|PSI has modified this early prototype of a handheld remote natural gas detector to operate from a moving vehicle.
ANDOVER, MA - Physical Sciences Inc. (PSI) recently conducted
a successful test of its
mobile natural gas detector at the company's research
facilities in Andover, Mass. PSI's prototype leak
detector demonstrated its ability to spot natural gas
leaks from a distance of up to 30 feet from a vehicle
moving at speeds approaching 20 miles per hour.
In the United States, significant resources are devoted
annually to leak inspection of natural gas transmission
and distribution pipelines. Leakage surveys are critical
to maintaining the integrity and safety of the nation's
pipelines and gas distribution system, and gas utility
companies are actively seeking remote detection
technology to improve the efficiency and reduce
maintenance costs of leak detection.
PSI has taken the first steps in developing and
demonstrating a low-cost, lightweight, mobile natural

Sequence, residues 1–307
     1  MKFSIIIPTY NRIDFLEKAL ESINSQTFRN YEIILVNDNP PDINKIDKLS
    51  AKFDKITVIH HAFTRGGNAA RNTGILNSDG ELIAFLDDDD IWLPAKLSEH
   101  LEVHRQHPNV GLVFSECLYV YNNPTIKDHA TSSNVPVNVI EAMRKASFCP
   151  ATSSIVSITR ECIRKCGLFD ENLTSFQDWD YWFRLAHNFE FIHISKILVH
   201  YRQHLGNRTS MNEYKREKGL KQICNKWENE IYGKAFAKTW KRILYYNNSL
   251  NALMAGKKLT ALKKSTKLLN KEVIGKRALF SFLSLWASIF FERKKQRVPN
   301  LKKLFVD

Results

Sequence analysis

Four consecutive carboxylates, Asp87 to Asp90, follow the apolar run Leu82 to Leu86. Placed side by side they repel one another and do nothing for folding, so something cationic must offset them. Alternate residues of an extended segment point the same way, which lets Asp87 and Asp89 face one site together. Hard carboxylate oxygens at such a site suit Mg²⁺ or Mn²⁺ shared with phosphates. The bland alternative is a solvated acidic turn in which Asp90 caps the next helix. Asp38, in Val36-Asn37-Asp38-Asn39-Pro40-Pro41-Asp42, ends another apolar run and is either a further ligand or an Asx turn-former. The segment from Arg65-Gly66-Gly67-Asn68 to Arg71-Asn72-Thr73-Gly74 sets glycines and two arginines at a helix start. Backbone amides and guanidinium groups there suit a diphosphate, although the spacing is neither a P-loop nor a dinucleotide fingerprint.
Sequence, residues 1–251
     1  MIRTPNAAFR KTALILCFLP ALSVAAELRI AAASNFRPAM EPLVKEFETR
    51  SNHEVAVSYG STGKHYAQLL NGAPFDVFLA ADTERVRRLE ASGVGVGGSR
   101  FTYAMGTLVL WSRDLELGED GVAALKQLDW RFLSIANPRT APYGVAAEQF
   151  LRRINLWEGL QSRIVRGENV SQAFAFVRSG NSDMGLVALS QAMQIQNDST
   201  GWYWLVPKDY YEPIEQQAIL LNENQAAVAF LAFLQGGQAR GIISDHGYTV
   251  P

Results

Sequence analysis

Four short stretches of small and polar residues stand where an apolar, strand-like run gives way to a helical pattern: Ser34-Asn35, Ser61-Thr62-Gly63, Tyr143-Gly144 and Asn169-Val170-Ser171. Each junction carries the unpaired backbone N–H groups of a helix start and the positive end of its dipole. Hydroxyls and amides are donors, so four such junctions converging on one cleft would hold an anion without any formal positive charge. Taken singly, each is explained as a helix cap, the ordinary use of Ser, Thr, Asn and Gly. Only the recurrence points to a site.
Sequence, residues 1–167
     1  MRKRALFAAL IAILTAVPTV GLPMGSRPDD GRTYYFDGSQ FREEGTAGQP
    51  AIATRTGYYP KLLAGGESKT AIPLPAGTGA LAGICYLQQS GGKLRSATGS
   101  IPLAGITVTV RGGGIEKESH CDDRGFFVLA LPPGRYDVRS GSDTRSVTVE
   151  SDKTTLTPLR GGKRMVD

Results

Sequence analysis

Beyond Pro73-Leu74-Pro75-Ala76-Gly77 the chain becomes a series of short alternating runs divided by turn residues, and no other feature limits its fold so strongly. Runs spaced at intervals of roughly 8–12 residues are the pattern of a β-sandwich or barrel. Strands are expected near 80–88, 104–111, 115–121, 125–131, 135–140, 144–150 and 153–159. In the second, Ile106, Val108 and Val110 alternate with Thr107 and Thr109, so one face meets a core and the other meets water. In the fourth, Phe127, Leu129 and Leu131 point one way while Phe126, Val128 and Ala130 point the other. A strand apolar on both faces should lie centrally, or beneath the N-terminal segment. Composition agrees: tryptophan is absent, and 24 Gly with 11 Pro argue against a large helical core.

gas leak detector capable of extending the range of
remote detection of natural gas leaks in distribution
and transmission pipelines. The technology will be able
to quantify and distinguish natural gas pipeline leaks
from other hydrocarbon leaks or from methane sources.
|PSI's Dr. Richard Wainner is one of the
principal scientists in the DOE research
about the size of a bread box, can be mounted on top of
a vehicle. The detector uses a scanning laser beam on
the roadway in front of the vehicle to detect leaking
gas. Current technology requires that an optical methane
detector mounted to a service vehicle be driven through
a natural gas leak to detect it. This can become
troublesome if the leak occurs in a residential
neighborhood next to a customer's home and away from the
"Development of mobile leak detector technology helps
prepare the United States to deal with a large, aging,
and expanding natural gas pipeline system," said Mike
Smith, DOE Assistant Secretary for Fossil Energy.
The prototype detector was developed through the Office
of Fossil Energy's Infrastructure Reliability program,
part of the Strategic Center for Natural Gas at the
National Energy Technology Laboratory.
Further work will concentrate on mounting the detector
on a utility service vehicle and demonstrating the
mobile detection of natural gas leaks from an operating
The project cost is $195,244, with DOE cost sharing
$156,190 of the total.